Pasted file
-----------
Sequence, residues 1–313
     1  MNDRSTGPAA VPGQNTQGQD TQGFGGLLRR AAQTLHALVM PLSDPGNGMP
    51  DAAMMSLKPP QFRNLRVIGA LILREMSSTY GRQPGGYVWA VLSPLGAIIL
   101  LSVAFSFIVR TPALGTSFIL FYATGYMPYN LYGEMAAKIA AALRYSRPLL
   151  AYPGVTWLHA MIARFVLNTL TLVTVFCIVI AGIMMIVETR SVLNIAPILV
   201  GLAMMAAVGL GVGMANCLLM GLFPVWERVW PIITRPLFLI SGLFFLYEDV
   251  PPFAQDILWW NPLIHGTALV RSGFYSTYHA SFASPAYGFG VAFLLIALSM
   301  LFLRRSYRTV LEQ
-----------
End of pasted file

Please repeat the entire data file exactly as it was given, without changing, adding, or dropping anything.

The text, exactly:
Sequence, residues 1–313
     1  MNDRSTGPAA VPGQNTQGQD TQGFGGLLRR AAQTLHALVM PLSDPGNGMP
    51  DAAMMSLKPP QFRNLRVIGA LILREMSSTY GRQPGGYVWA VLSPLGAIIL
   101  LSVAFSFIVR TPALGTSFIL FYATGYMPYN LYGEMAAKIA AALRYSRPLL
   151  AYPGVTWLHA MIARFVLNTL TLVTVFCIVI AGIMMIVETR SVLNIAPILV
   201  GLAMMAAVGL GVGMANCLLM GLFPVWERVW PIITRPLFLI SGLFFLYEDV
   251  PPFAQDILWW NPLIHGTALV RSGFYSTYHA SFASPAYGFG VAFLLIALSM
   301  LFLRRSYRTV LEQ